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This editorial is from the March 3, 2019, edition of the Chicago Sun-Times:

Reformers in Congress who want to reduce gun violence are playing the long game.

That's why lawmakers in the U.S. House last week sent two major gun bills to the Senate, though the bills are almost sure to die there.

On Wednesday, the House passed a bill that would expand gun-buyer background checks to gun show sales, online sales and private sales.

On Thursday, the House approved legislation that would give the government more time to conduct background checks, closing a loophole that allowed Dylann Roof to buy a firearm before the 2015 mass shooting in a Charleston, South Carolina, church.

By pushing the bills, gun law reformers hope to keep up a sense of urgency and open the door to bills that have less lofty aims. This would include legislation introduced by Rep. Robin Kelly, D-Ill., for example, to require the surgeon general to give Congress a yearly report on how gun violence affects public health.

Such small gains count as victories in Washington, with Republicans in control of the Senate and the White House.

Should another national tragedy involving guns unfold that stirs the public to demand tougher gun laws, reformers want to have a number of House-approved bills queued up in the Senate, ready for a quick vote.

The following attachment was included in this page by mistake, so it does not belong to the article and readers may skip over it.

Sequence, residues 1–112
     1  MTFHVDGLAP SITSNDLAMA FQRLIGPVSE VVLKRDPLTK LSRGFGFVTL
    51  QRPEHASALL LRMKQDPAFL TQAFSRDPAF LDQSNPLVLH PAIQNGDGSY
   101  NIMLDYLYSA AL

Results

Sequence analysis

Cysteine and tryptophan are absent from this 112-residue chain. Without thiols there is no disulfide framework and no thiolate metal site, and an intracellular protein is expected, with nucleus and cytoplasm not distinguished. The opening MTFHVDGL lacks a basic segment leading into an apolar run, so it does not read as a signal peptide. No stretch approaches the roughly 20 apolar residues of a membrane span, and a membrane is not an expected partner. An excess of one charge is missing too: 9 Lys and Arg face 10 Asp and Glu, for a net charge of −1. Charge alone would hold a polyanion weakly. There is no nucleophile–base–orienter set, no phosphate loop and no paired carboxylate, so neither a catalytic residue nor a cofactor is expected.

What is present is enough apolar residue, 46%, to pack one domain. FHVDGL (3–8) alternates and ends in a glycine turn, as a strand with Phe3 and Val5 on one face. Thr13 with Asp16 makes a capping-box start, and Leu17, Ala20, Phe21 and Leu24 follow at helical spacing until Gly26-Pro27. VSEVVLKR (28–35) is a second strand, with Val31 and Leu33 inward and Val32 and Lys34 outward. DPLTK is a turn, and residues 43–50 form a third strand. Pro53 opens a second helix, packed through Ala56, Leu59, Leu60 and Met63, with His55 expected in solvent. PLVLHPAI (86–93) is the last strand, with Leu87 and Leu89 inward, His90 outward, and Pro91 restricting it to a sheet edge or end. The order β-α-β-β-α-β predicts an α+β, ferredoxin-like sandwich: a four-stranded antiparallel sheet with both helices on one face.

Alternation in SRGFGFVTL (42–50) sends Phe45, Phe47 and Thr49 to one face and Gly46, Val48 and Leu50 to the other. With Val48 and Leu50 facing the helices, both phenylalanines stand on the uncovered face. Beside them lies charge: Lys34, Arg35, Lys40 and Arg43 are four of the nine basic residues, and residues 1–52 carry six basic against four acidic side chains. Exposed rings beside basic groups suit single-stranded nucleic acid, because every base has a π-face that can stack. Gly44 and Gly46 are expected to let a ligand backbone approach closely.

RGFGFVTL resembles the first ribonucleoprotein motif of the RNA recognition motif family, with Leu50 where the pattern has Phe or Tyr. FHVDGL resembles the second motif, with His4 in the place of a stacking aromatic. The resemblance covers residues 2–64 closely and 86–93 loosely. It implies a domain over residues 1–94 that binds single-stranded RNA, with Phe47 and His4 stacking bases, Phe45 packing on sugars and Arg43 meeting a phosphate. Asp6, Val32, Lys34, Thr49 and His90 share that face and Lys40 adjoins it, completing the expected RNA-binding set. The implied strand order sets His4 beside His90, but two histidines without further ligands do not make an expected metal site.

And by passing important gun bills, the House is setting the stage for a national debate about gun violence in the 2020 elections.

Meanwhile in Illinois, lawmakers are drawing up several sensible bills, including legislation pushed by Cook County Sheriff Tom Dart — expected to be introduced in Springfield soon — that would help get guns out of the hands of people who have had their Firearm Owners Identification cards revoked. By law, such people are supposed to give up their FOID cards and guns, but typically they do not.

As of the end of December, there were 6,030 cases in Illinois in which a FOID card had been revoked — because the holder had committed a felony, was mentally ill or had had an order of protection entered against them — but failed to give up their cards and guns. Statewide, the non-compliance rate is an estimated 75 percent.

Convicted felon Gary Martin recently highlighted the flaws, Dart has said. Last month, Martin killed five coworkers and wounded five officers at an Aurora warehouse because he was enraged over being fired. He had a handgun even though his state firearm licenses were revoked.

Dart's bill would authorize the creation of regional law enforcement units to recover illegally held guns, and require State Police to turn over information from a database called the Firearms Transfer Inquiry Program. Then local police would know how many times a person with a revoked FOID had purchased a gun.

Dart's bill also would increase penalties for noncompliance from a Class A misdemeanor, which often isn't prosecuted, to a Class 4 felony, which carries a sentence of up to three years in prison.

Small steps? Yes. And entirely reasonable.

The wonder is that the gun lobby would oppose even this.

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